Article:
The Hatton Trail
explores some of the forest on the south side of US 199, the main road through Jedediah Smith Redwoods State Park
, staying close to the highway for most of its 2.3 miles, and so within range of traffic noise. The path climbs up to 350 feet above the highway, however, and is mostly out of sight, while a short spur to an isolated group of large trees (Lohse Grove
) is rather more peaceful. Past this junction, the path soon descends back to the road where it meets the Hiouchi Trail
, which continues southeast close to the Smith River, to the Stout Grove
. The usual start point though is at the western trailhead, as here the path first makes a very short loop through a section of overgrown forest containing many huge redwoods; fewer people continue along the main trail, as it climbs above the belt of the largest trees into more open forest made up of smaller redwoods, though the surroundings here are still atmospheric.
The path begins along Hwy 199 opposite what used to be the trailhead for the popular Simpson-Reed Trail, now rerouted 400 feet away, along Walker Road. After moving just a few yards through the forest, the Hatton Trail reaches a junction, the loop section being to the right. In the clockwise direction, this ascends a little way via aged, mossy steps then drops back down to a second junction at the far side of the loop, were a 0.1 mile spur forks off to a named redwood grove. The return part of the hike is close to the road, and all of the path is through typically dense forest with lots of moss and shady undergrowth, and the usual mix of live trees, dead trees and fallen branches.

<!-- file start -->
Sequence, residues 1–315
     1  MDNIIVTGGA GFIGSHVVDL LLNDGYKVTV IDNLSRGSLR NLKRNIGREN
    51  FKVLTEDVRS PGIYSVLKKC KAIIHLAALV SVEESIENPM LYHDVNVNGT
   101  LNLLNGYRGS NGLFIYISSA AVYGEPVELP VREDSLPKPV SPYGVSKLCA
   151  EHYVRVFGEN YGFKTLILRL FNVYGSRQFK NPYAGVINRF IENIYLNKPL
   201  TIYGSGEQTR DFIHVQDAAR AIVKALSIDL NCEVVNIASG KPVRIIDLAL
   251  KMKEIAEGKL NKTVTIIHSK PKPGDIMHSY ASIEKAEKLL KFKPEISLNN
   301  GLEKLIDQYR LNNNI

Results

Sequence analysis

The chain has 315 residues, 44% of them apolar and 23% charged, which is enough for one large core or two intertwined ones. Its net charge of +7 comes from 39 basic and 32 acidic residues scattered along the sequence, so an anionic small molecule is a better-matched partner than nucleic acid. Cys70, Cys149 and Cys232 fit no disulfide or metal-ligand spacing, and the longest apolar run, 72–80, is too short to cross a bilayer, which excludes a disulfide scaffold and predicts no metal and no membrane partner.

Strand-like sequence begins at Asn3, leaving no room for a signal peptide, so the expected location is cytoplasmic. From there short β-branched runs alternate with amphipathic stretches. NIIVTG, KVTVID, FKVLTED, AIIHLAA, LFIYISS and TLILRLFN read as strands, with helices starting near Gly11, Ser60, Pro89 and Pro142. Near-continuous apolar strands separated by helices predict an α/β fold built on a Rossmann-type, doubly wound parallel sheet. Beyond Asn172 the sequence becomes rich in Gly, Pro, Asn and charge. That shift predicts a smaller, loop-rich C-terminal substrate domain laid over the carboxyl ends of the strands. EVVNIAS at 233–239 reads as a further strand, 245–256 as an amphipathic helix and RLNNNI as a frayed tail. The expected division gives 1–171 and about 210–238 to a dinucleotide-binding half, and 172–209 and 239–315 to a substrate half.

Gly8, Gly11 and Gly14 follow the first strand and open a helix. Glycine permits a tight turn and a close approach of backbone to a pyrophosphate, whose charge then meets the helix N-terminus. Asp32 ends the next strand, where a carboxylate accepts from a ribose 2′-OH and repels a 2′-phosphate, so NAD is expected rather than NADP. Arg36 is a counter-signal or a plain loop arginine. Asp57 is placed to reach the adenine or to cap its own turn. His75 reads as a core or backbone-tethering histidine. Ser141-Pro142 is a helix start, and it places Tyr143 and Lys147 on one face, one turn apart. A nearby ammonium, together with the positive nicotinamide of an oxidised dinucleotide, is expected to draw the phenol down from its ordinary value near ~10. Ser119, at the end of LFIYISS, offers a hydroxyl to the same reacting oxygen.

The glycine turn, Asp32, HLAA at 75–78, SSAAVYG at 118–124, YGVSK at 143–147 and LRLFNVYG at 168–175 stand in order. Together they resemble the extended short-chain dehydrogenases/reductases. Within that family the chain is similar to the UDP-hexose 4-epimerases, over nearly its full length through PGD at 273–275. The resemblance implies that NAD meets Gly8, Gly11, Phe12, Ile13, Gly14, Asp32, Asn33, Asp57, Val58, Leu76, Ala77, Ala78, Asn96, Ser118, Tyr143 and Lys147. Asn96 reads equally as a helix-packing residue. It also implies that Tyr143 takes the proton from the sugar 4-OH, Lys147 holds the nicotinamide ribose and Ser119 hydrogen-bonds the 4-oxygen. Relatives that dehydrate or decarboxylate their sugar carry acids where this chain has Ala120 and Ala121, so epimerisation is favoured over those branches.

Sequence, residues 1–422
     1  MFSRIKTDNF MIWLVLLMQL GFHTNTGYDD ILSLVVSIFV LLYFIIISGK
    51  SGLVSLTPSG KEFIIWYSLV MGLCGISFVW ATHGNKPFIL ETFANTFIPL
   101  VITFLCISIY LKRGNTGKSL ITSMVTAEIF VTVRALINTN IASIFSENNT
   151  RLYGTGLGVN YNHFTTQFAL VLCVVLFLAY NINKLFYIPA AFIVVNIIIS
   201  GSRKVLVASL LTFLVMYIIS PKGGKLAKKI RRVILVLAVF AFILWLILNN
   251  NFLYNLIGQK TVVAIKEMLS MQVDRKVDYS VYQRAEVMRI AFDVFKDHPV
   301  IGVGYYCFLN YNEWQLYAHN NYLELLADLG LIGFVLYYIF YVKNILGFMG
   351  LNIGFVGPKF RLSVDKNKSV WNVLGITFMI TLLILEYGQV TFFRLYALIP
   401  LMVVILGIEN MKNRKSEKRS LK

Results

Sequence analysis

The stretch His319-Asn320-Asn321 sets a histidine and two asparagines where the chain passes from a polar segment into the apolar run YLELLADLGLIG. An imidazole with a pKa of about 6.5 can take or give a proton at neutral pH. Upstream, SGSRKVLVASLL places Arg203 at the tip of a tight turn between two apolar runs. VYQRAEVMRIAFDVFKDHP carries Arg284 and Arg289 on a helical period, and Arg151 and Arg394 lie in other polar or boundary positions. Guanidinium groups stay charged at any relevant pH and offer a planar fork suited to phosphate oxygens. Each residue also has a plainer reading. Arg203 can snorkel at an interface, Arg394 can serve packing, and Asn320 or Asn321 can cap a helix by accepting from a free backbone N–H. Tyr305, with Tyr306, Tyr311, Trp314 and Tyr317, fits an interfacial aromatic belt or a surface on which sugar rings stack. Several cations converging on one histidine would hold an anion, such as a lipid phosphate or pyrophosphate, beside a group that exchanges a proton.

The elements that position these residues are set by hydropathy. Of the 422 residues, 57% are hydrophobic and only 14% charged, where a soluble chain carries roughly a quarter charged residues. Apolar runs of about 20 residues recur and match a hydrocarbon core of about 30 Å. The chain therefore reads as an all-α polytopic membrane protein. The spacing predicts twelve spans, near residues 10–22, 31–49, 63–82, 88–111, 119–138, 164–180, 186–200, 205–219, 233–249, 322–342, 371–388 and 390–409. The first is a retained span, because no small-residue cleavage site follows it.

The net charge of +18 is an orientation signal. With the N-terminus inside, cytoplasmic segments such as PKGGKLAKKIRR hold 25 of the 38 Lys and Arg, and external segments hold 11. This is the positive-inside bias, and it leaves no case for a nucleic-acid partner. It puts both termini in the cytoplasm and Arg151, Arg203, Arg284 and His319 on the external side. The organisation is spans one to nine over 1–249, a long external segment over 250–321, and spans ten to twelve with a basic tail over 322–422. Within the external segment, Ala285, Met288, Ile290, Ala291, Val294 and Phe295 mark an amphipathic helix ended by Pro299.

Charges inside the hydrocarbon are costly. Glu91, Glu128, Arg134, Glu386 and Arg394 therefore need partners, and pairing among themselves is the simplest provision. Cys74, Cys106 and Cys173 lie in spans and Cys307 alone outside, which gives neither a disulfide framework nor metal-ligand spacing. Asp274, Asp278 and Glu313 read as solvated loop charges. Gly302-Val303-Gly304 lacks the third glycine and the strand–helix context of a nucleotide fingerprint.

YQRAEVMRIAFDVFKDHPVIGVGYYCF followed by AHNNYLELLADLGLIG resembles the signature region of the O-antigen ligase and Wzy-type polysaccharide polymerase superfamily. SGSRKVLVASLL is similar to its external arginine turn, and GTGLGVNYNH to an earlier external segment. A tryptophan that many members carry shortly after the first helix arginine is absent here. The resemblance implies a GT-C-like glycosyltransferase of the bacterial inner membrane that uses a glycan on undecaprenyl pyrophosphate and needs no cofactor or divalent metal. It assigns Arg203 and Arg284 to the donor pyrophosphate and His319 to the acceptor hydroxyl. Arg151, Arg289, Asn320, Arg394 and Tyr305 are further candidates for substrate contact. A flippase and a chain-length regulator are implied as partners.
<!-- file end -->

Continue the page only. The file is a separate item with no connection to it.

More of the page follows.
The Main Trail
The main part of the Hatton Trail leads southeast from the initial junction, briefly level, passes a moist patch containing a cluster of big leaved plants (skunk cabbage), before commencing a steady but gentle climb across the hillside that borders the highway to the south. The route moves away from the road, winding in and out of a wide, sloping ravine, crossing a tiny creek on a newish-looking bridge, followed by more climbing and another, older footbridge, now moss-covered just like most of the neighboring trees. Two more small bridges follow in quick succession.
The redwoods now are noticeably thinner than those on the valley floor close to the road, and the undergrowth is less. The path levels out, high above the highway though close in distance - vehicles are sometimes visible through gaps in the trees. The next landmark is the junction with the 0.4 mile spur trail to the Lohse Grove, a narrower route that climbs via a few short switchbacks up to a flat area, becoming gradually more overgrown, with several recently fallen trees intruding onto the pathway. The trail peters out in the middle of a smallish group of somewhat larger redwoods, not particularly special, though quiet and little visited. Back on the main path, a quick descent takes hikers back to the highway, meeting it just west of the bridge over the Smith River. The Hiouchi Trail continues southwards close to the river, through generally uninteresting woodland.
Topographic Map of the Central Trails